Feldbusch's sadness began to lift. He learned to get around using a long, white cane. (He hopes to get a service dog someday.) He's learning braille and is considering going back to school somedaymaybe to study biology or chemistry. If so, the military will help pay his tuition. He has put aside his dream of becoming a doctor but he thinks he might be able to deepen his scientific knowledge and pursue some kind of pharmaceutical research.
After Feldbusch's bittersweet homecoming made the newspapers, he was recruited by nonprofit groups, among them the Wounded Warrior Project, to help other newly injured soldiers struggling to come to terms with the shock, pain and despair of serious injuries, like amputations, paralysis, extensive burns and head wounds.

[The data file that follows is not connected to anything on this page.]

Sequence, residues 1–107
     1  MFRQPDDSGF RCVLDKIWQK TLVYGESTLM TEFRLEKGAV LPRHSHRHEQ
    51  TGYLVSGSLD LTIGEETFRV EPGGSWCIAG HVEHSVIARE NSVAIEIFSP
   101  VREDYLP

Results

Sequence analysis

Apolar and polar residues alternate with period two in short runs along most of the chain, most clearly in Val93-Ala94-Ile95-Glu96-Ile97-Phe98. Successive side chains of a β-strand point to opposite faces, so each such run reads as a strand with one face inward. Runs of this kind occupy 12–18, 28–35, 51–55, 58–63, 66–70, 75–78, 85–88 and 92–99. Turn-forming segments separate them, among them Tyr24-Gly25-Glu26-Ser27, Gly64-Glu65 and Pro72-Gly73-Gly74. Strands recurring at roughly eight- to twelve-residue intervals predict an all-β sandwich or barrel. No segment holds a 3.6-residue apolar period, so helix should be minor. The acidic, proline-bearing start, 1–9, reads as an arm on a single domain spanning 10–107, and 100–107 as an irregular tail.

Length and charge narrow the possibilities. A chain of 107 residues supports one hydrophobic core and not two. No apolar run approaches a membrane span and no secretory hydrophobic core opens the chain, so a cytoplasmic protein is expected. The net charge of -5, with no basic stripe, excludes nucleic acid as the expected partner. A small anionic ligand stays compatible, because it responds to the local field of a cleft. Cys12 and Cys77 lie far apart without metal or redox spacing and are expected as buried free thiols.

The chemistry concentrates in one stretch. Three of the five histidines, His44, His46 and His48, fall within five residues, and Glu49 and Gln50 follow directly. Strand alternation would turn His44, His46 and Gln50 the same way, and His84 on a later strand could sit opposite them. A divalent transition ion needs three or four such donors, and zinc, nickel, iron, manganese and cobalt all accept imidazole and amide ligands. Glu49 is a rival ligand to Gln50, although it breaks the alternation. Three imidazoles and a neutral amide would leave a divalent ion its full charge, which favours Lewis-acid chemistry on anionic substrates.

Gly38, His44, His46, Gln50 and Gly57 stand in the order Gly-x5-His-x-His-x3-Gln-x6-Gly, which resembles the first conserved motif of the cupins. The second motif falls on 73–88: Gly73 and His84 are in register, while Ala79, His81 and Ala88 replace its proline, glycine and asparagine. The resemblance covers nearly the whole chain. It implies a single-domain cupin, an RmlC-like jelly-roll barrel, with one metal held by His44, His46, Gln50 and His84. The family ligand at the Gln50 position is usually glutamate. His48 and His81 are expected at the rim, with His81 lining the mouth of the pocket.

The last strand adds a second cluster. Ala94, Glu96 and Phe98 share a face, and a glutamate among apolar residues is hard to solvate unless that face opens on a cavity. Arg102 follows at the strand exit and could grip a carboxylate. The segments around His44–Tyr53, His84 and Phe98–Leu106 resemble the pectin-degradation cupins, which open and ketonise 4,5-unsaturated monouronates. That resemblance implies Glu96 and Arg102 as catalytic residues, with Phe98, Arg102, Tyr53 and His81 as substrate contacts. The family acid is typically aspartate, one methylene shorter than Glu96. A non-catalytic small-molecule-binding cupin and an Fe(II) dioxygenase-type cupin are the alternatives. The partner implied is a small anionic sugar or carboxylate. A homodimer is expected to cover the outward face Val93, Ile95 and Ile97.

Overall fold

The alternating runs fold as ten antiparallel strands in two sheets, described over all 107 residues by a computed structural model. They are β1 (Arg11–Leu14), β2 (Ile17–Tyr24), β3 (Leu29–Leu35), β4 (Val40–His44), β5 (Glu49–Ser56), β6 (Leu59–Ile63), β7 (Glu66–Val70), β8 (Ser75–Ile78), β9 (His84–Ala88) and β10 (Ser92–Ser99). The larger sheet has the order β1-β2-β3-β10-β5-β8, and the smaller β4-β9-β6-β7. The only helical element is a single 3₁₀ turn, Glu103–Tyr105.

Every few months, Wounded Warrior foots the bill to send him to an Army hospital. Often he starts off simply by sitting and listening, letting a maimed soldier rage and curse a blue streak, just as he himself used to do. "Then I say, 'Now that you're done with swearing at me, we can talk? And then they listen," he says. "I tell them I've been through it all. I let them know that they're going to be just fine. No matter what they feel inside, we're going to help them and they still have a lot to be thankful for?'
Today, the man who doctors feared would never be able to communicate also gives speeches to corporate groups, urging them to donate to Wounded Warrior and other independent veterans' support organizations.